Pleadings. Issues regarding the grant or denial of a
plea in bar are questions of law.
Judgments: Appeal and Error. On a question of law,
an appellate court reaches a conclusion independent of the
Evidence: Appeal and Error. The overruling of a
motion in limine is not a final ruling on the admissibility
of evidence and does not present a question for appellate
Double Jeopardy. The Double Jeopardy Clauses of both
the federal and Nebraska Constitutions protect against three
distinct abuses: (1) a second prosecution for the same
offense after acquittal, (2) a second prosecution for the
same offense after conviction, and (3) multiple punishments
for the same offense.
Appeal and Error. Under the law-of-the-case
doctrine, the holdings of an appellate court on questions
presented to it in reviewing proceedings of the trial court
become the law of the case; those holdings conclusively
settle, for purposes of that litigation, all matters ruled
upon, either expressly or by necessary implication.
Actions: Appeal and Error. The law-of-the-case
doctrine operates to preclude a reconsideration of
substantially similar, if not identical, issues at successive
stages of the same suit or prosecution. Matters previously
addressed in an appellate court are not reconsidered unless
the petitioner presents materially and substantially
from the District Court for Lancaster County: Andrew R.
Jacobsen, Judge. Affirmed and remanded for further
Neb. 238] Joseph D. Nigro, Lancaster County Public Defender,
Webb E. Bancroft, John C. Jorgensen, and Katherine Lesiak,
Senior Certified Law Student, for appellant.
Douglas J. Peterson, Attorney General, and Kimberly A. Klein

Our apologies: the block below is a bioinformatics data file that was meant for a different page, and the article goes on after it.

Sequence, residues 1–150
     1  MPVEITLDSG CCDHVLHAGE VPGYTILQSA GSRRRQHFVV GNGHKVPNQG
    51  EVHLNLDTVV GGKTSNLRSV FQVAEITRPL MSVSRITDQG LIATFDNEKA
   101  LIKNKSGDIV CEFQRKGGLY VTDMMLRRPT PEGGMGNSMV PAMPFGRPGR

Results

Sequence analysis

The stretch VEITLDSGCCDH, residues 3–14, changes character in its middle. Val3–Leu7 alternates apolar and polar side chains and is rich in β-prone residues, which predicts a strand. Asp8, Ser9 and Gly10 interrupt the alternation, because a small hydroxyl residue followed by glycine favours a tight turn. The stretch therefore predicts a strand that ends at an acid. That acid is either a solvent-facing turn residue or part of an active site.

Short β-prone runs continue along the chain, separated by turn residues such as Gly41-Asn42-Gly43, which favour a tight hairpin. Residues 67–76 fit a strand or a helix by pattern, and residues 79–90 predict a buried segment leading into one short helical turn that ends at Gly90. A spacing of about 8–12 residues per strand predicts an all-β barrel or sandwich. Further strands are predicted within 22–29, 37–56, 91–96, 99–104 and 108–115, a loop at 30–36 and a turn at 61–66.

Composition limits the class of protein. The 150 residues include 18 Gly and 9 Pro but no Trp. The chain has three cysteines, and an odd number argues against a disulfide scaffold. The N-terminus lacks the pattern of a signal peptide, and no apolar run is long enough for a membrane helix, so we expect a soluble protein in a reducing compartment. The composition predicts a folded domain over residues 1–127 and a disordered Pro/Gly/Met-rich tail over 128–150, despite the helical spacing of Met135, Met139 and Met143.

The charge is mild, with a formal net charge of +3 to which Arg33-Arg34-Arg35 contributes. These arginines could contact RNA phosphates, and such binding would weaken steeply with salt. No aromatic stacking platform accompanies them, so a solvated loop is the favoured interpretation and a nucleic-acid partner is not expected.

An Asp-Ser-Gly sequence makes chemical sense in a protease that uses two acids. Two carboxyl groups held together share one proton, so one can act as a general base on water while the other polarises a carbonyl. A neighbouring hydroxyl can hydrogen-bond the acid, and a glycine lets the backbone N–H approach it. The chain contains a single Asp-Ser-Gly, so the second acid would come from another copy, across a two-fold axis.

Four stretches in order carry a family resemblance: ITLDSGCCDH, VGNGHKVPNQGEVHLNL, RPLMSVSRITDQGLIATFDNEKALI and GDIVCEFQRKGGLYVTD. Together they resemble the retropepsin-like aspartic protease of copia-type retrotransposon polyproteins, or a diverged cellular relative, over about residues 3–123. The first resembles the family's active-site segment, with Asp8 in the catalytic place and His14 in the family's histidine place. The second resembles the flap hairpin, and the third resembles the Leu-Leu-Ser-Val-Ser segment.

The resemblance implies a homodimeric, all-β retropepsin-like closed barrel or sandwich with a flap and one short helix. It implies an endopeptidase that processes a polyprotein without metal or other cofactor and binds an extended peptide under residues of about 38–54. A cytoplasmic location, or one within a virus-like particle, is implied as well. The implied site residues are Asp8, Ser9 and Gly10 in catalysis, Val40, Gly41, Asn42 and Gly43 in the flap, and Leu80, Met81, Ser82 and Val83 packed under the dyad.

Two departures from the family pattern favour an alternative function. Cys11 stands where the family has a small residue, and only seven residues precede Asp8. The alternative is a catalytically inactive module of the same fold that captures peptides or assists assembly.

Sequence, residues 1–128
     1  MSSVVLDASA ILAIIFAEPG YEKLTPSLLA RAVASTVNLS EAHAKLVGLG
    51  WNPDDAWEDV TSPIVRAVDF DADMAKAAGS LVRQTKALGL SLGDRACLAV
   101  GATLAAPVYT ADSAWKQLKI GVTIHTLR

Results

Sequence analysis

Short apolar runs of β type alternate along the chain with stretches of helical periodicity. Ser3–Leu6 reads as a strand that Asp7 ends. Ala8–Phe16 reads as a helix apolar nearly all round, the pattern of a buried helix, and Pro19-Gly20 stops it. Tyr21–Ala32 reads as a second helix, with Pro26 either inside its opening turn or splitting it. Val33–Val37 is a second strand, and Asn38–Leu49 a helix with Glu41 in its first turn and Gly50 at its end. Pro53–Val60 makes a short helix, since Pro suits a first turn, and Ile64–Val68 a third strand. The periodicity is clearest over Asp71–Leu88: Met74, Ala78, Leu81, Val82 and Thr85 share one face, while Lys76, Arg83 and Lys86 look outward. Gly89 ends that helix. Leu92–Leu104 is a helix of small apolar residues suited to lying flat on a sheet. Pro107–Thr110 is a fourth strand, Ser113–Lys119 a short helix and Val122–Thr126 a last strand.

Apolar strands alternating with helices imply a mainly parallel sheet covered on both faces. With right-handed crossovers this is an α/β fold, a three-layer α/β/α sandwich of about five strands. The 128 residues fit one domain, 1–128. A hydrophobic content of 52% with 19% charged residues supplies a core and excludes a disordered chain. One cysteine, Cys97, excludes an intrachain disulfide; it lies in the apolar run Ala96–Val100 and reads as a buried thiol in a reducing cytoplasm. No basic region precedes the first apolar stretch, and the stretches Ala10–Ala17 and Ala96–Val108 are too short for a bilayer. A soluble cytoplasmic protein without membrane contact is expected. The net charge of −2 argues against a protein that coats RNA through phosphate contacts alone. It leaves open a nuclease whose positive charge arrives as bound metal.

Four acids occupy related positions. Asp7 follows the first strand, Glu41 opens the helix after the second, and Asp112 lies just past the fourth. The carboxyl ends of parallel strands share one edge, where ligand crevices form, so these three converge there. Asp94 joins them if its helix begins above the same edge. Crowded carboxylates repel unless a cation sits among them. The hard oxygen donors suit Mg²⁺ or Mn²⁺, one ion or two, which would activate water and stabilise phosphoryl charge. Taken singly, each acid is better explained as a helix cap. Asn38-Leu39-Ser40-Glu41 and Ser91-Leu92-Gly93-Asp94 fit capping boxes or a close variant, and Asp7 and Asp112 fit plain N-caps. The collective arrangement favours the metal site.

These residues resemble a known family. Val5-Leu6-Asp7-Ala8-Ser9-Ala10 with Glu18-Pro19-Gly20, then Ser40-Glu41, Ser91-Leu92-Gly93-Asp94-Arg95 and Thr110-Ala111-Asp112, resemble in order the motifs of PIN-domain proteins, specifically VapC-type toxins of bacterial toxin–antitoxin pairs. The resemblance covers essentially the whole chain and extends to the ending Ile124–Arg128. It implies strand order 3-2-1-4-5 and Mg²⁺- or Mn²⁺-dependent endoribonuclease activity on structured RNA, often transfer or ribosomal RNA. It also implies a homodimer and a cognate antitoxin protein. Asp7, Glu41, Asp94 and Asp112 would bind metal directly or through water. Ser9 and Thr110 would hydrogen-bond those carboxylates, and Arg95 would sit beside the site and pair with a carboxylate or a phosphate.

Heavican, C.J., Miller-Lerman, Cassel, Kelch, and FUNKE, JJ.
H. Lavalleur appeals from an order denying his second plea in
bar, asserting a double jeopardy violation. But Lavalleur
does not challenge the operative information; rather, he
seeks advance review of evidence that may be offered upon
retrial. Because there have been no final evidentiary
rulings, this issue lies outside of the scope of our
jurisdiction over this appeal. We affirm the district
court's denial of Lavalleur's plea in bar.
the third time this case has been before this court on appeal
and the second time Lavalleur has entered a plea in bar on
double jeopardy grounds. Because a thorough factual
background is already chronicled in our 2014 and
opinions in this case, only those facts relevant to this
appeal will be repeated.
State originally charged Lavalleur with first degree sexual
assault (digital penetration) and attempted first degree
sexual assault (penile penetration). The attempted first
degree sexual assault charge alleged that Lavalleur "did
attempt to subject [the victim] to sexual penetration without
Neb. 239] After a jury trial, Lavalleur was acquitted of
first degree sexual assault and convicted of attempted first
degree sexual assault. Lavalleur appealed this conviction,
and we reversed the judgment and remanded the cause for a new
trial after finding ...